Burns Park is the third largest-municipal park in the country and "means a lot to a lot of people" Shields explained.

Park maintenance workers led by Jason Rhodes have been working "tirelessly" alongside city employees since late Friday, he said.

"We had multiple streets that we had to get cleared," Shields added. "We had multiple structures impacted ... [Off] Arlene Laman down to the RV park and there were so many huge trees down on Arlene Laman. ... We had campers back in there. We had employees of ours back in there."

Trailers flipped on their side and debris surrounded what was once a gathering place for campers.

"There were fish along the river like they had just been sucked up out of the water," North Little Rock Police Chief Patrick Thessing said. "Never seen anything like that."

Championship Drive, which is now closed off, also had to be cleared of debris, Shields said.

"Main street department, our street director Patrick Lane and his guys did an unbelievable job helping us and it wasn't a task that, I mean, continued throughout the weekend and into this morning," he said on Tuesday.

Hartwick recounted when he was trying to ride the rides at Fun Land just last Thursday. Now, torn-off tents lie next to Ferris wheel rides, seats of a tilt-a-whirl have spun around for the last time and uprooted trees lie where children used to stand in line.

The rides that were impacted are covered by insurance but will be assessed to see if any parts are salvageable, Shields said.

"Safety is our No. 1 concern right now," he explained. "So we'll make sure that everything is safe, but Fun Land did take a major hit."

The Senior and Dejanis baseball fields also took major hits, Shields said.

He described the tornado taking up a width of 400 yards and staying on the ground in North Little Rock for 5.7 miles.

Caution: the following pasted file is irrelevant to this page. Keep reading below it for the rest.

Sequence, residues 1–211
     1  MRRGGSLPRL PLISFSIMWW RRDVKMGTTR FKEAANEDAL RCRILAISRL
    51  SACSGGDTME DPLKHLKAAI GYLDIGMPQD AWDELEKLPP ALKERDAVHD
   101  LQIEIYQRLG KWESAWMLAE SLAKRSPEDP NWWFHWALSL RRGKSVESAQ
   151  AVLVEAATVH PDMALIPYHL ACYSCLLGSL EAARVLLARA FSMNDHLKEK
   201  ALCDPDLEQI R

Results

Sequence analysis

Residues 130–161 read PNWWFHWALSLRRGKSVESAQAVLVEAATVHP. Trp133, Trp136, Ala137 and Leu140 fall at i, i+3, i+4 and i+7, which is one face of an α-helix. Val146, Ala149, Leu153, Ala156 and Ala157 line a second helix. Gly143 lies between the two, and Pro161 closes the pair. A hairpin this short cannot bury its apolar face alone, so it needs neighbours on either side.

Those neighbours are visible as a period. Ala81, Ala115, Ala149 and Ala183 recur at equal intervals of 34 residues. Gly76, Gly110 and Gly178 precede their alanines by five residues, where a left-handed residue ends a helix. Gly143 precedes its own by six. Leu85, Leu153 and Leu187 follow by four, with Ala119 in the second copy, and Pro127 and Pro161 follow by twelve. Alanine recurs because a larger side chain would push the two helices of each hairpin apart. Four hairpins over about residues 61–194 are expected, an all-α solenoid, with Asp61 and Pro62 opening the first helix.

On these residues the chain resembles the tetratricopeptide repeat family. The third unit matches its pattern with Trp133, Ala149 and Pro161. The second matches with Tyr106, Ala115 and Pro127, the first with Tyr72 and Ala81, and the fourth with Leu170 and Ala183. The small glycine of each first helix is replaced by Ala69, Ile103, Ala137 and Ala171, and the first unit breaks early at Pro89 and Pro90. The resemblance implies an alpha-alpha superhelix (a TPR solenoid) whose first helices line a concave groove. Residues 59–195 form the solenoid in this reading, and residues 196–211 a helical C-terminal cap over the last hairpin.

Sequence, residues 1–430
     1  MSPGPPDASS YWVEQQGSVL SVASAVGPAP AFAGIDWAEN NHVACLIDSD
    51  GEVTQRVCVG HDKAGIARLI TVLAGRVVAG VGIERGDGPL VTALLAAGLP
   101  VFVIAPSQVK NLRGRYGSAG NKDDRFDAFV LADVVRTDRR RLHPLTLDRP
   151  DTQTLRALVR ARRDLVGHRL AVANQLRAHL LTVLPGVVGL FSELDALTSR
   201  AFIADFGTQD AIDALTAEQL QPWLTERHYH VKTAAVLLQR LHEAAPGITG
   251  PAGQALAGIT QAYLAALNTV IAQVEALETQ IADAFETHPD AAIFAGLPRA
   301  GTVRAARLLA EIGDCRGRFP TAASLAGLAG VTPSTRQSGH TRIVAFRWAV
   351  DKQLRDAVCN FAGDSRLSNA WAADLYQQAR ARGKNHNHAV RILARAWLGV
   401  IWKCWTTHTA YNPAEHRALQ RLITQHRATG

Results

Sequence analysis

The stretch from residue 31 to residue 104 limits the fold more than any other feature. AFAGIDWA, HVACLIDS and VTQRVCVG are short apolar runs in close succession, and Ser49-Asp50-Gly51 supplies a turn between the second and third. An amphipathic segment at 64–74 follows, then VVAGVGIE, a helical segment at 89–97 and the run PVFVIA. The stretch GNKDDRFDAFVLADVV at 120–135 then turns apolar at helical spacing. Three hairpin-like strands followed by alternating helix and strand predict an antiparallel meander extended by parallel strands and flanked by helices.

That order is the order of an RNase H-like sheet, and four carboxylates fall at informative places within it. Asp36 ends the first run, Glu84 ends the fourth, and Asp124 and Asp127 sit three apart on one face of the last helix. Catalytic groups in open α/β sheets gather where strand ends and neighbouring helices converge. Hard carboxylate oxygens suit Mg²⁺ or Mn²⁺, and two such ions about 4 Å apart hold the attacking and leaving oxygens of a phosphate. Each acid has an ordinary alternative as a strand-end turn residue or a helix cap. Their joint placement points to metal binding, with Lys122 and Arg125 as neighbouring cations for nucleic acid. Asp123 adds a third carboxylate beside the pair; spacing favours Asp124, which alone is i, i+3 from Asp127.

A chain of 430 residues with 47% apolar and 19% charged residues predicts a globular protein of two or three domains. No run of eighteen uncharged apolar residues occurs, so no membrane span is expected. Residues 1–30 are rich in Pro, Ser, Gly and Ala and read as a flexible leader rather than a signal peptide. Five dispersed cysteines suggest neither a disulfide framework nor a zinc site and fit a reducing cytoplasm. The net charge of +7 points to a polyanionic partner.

In Little Rock, the 70-acre Reservoir Park was hit directly by the tornado and completely destroyed, Couch said.

The park's disc golf course is gone and it will be closed for an extended period of time along with the rest of the park. Couch said the city is using it as a debris dumping site to clear residential yards.

A high-voltage power line fell in Murray Park which set back its damage evaluation, he said. Entergy was onsite quickly to make repairs but the city wasn't able to survey the park until Tuesday.

The Park at Rock Creek had its wooden structures ripped apart and destroyed by fallen trees, Couch said.

"Reservoir will be months if not longer," he explained. "And Murray will hopefully just be a couple of weeks. We'll still have some cleanup to do down there and some repairs, but hopefully they will get certain areas open in some temporary manner after a couple of weeks."

Rock Creek, Couch said, is a "whole other issue" with its bike trail, and the city hasn't been able to address the full extent of the damage.

"We've been focused more on the parks that have our own amenities and in terms of structures, and making sure everything is safe."